Lisbon, Portugal’s capital, is Europe’s sunniest capital. Need we say more? It’s also one of the oldest cities in Europe, dating back to 1200 BC. Do you like delicious but seriously cheap wine? Seafood? World history? Art galleries? Viewpoints and patios? Do you enjoy wandering aimlessly around pretty places?
According to Time Out magazine, the city on seven hills has 17 official viewpoints, 182 art galleries, 7 Michelin star restaurants, and over 100 parks and gardens. The closest beach is 28 minutes away.
The more we travel, the more we realize there are so many different ways to experience a city. And Lisbon in particular has a lot to offer. So while we don’t claim to know all there is to know about Lisbon, we do know that we loved it.
We spent 7 nights in Lisbon, but took a few day trips in the middle. See what we did below.
- Day 1: Cascais, Rossio Square
- Day 2: Óbidos, Comércio Square
- Day 3: Lisbon, Time Out Market, Noobai bar, Cerveteca Brewery, LostIn restaurant, Baixo-Chiado area, Lady of the Mount Viewpoint
- Day 4 & 5: Sintra
- Day 6: Alfama neighborhood, National Pantheon, Lisbon Cathedral, Martim Moniz square
- Day 7: Belem, Campo de Ourique market, Park Bar, Carmo Convent, Topo Chiado bar
We landed in Lisbon mid-day and took a taxi straight to our AirBNB. Our host gave us the grand tour of our top level apartment overlooking Lisbon’s rooftops.
We stayed in the Chiado neighborhood, near Carmo Square, and felt like it was a great, central location in perfect walking distance of metros and restaurants.
After the long flight, we thought it would be a good idea to head to a beach, so we ditched Lisbon and took a 45 minute train to Cascais.
Getting back from Cascais in the evening, we wandered through Rossio Square and the surrounding streets before calling it a night.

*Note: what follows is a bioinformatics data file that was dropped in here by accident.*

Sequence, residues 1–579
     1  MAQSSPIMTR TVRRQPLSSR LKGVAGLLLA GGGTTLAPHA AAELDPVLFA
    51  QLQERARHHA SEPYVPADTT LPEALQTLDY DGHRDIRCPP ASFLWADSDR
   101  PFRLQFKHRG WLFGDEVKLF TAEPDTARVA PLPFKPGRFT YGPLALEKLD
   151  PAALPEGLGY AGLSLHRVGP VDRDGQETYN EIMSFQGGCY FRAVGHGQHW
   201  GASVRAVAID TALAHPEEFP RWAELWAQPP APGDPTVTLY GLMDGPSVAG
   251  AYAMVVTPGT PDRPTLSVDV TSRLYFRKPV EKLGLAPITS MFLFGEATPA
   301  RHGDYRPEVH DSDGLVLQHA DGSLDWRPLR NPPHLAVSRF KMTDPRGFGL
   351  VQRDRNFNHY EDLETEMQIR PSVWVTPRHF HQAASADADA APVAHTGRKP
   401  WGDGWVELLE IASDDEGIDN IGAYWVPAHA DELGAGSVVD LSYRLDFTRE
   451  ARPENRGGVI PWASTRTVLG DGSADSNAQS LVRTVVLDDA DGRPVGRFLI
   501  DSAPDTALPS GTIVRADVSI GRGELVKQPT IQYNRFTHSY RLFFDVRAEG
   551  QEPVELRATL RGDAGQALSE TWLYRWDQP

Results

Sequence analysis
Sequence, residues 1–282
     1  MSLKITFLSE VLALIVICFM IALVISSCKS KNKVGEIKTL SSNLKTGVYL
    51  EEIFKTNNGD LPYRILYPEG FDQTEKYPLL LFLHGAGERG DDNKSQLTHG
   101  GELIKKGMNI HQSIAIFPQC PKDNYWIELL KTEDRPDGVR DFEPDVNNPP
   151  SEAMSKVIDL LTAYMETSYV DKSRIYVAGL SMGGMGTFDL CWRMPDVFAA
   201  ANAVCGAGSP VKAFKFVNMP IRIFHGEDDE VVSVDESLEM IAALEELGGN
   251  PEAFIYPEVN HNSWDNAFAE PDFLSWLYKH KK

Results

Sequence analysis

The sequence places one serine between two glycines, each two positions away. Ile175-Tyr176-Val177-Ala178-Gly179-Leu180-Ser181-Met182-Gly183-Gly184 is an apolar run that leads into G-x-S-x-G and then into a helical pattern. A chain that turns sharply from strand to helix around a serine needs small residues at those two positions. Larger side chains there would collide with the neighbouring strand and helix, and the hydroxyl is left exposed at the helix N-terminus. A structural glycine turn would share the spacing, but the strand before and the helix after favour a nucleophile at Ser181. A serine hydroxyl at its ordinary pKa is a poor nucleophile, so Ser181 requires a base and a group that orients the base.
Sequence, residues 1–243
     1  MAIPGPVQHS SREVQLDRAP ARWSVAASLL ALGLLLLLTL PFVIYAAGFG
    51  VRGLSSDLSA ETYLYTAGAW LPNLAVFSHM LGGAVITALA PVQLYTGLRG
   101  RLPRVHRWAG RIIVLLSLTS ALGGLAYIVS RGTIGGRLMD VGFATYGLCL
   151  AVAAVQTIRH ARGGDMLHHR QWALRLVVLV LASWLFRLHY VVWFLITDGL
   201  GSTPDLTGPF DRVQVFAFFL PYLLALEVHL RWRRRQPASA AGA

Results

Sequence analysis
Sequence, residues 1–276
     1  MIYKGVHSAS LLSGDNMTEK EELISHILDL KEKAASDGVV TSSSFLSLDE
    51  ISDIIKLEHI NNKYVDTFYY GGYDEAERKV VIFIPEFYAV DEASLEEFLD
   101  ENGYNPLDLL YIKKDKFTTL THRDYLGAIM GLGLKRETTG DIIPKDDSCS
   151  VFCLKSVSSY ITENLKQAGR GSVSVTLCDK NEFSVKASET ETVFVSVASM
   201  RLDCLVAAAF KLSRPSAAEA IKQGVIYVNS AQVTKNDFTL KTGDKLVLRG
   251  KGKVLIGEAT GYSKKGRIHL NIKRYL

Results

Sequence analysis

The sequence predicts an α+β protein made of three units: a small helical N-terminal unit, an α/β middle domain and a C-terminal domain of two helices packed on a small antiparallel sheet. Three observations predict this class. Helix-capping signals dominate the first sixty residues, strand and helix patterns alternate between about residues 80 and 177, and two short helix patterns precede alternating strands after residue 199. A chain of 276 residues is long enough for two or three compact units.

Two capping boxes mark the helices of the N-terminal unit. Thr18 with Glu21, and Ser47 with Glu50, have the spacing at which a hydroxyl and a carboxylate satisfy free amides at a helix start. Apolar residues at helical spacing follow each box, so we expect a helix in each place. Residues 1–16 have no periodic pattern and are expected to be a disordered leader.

It was our first full day to be in Lisbon, but because museums and other fun oddities are usually closed on Sunday, we decided to ditch Lisbon (again) and visit Óbidos for the day.
Back in Lisbon around 5pm, we rested before finding Duque Brewpub for a sandwich and beer. We walked south towards Comércio Square and sat along the river.
We wandered through Lisbon and found a small bar just down the street from our Airbnb. We drank wine and Jameson and ate dessert before turning in early, excited for the next full day in Lisbon.
The famous Tram 28 was first on our list (there are multiple trams with “28” on the front). This old yellow screeching tram system is said to be the ticket if you want to sit down and enjoy a ride through some of the most popular neighborhoods of Lisbon.
The problem is, everyone has the ticket, especially mid-morning during the summer months. This morning we decided to bypass the line of well over 100 people and kept to exploring on foot.
Whenever our plans go awry, we usually default to finding food. So we walked south to find Time Out Market. It’s a hip and trendy food hall near the Cais do Sodré train station. Come for a snack or a meal, or just drinks and gifts to take home to your foodie brother.
After delicious Asian food, we walked east along the Tagus river and stopped for a drink at a small pop-up bar just west of Monumento al Gallo.
The hot sun burned our Minnesotan shoulders. It was the perfect afternoon to bar hop, so we started at Noobai, a rooftop bar Ali found online.
We sat on a cushioned bench in the shade, listening to foreign music, overlooking hundreds of orange rooftops and the 25 de Abril Bridge (an ode to Portugal’s newfound independence). Like the other bars in Portugal, Noobai served up big gin & tonics here. It was the perfect spot for an afternoon drink.
We also drank a flight of beers at Cerveteca Brewery in the Príncipe Real neighborhood. We missed it, but would have also loved to have gone to Quimera (Chimera) Brewpub to drink some ales in the 18th century coach tunnel.